It’s National Volunteer Appreciation Week, which means the PATH Foundation is dedicating a week of service to local organizations and inviting you to join in. To sign up and see a complete list of events in the region, go to the PATH Foundation Volunteer Hub. Here’s a list of the week’s even…
Serendipity Equine, a local non-profit, debuted its first annual Lucky Horseshoe Student Showcase on March 20. The event allowed students to share their newly-acquired riding and horsemanship skills in front of fellow participants and families.
The Carney brothers have a bold vision for the new home of Pen Druid Brewing: “to turn the whole property into a synergistic permaculture garden.” Last Saturday, they invited community members to help realize that vision by planting a riparian buffer along the small tributary that runs through the parcel off Route 522 in Sperryville. In partnership with the Virginia Department of Forestry and Friends of the Rappahannock, a regional nonprofit dedicated to the health of the Rappahannock River, volunteers planted rows juvenile sycamore, river birch, red osier dogwood, gray dogwood, redbuds, buttonbush, indigo bush and black cherries.
When Ann and Larry Wohlers of Amissville joined Rapp at Home in October 2020 they became the organization’s 200th and 201st members. Today, the nonprofit’s membership is at 211, far exceeding the reach envisioned in 2015 when Rapp at Home was formed.
In 2008, interior designer Mimi Forbes had a contract with a housing developer who was planning to build a 500-home subdivision in Ruckersville, Va. She imagined she would be working on those houses for years. She thought the contract was going to set her up for life. And then, unexpectedly, the subprime mortgage bubble burst. The developer declared bankruptcy and Forbes’s contract was gone.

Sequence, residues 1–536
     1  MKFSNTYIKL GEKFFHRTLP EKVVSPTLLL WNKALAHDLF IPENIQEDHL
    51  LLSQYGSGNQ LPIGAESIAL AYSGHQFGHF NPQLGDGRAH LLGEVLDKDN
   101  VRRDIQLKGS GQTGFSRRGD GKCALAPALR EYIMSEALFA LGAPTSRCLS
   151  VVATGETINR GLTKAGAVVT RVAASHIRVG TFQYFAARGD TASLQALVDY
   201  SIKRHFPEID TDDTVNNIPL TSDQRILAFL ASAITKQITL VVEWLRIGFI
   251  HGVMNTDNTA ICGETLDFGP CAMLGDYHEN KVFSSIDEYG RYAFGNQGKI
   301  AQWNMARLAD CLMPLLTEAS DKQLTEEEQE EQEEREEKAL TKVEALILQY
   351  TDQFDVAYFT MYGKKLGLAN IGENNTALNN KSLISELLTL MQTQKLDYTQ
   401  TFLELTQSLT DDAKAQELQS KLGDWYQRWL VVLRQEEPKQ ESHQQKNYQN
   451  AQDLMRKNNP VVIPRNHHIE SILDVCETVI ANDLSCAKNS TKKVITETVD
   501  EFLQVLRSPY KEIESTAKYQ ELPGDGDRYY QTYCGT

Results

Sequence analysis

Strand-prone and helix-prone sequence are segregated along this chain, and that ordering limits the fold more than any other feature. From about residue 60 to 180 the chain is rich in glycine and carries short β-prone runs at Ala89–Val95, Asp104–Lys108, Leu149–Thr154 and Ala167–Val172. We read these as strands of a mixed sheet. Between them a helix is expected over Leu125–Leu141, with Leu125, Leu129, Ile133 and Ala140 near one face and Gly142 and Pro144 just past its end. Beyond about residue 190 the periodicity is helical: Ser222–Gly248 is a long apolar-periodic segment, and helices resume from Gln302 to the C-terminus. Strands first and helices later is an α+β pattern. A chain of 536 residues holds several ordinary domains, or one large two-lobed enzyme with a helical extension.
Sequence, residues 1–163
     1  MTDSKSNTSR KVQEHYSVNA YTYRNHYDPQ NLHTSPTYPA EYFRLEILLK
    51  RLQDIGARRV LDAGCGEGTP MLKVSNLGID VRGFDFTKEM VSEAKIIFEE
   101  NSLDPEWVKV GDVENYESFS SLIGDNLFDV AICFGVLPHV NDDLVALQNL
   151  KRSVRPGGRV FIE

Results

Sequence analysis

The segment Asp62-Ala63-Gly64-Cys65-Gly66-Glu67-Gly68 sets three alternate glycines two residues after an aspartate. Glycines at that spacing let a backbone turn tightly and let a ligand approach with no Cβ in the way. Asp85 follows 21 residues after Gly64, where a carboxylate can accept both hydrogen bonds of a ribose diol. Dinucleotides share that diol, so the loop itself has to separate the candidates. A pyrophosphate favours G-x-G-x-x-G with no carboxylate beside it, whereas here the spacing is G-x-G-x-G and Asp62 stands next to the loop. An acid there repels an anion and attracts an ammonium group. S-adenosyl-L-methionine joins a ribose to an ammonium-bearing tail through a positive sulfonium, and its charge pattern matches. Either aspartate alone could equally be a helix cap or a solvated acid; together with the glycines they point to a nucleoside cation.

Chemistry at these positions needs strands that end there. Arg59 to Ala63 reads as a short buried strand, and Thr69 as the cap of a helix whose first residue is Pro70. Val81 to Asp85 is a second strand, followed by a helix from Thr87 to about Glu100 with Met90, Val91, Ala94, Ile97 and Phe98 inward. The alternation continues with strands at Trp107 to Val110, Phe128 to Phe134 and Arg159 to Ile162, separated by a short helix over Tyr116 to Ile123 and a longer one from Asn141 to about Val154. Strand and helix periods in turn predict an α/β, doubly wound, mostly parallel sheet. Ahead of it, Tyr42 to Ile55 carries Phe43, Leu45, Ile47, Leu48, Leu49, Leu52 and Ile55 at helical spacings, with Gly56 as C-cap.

The Piedmont Environmental Council estimates there are fewer than 40 bridges left in the state of Virginia that are as old as the pony truss over the Jordan River on Rappahannock County’s North Poes Road. Now, the community is rallying to preserve it as a historic landmark.
Since 2015, Rapp at Home, a nonprofit organization that supports Rappahannock County’s seniors in choosing their own paths in aging, has continued to grow its membership and programs. To respond to this growth and the current needs of the community, the organization has recently reorganized its staff.
COVID-19 has not been kind to the Fodderstack 10K. As recalled by Fodderstack race coordinator Jonathan Moore, first came the postponement of the April 2020 race, scheduled ahead to the fall of 2020, but as soon realized “fall was not a lot better.”
Even though the COVID-19 pandemic has cancelled innumerable arts events over the past year, the Rappahannock arts community is still alive and well. The Rappahannock Association for Arts and Community has created several different ways to keep artists and audiences connected virtually.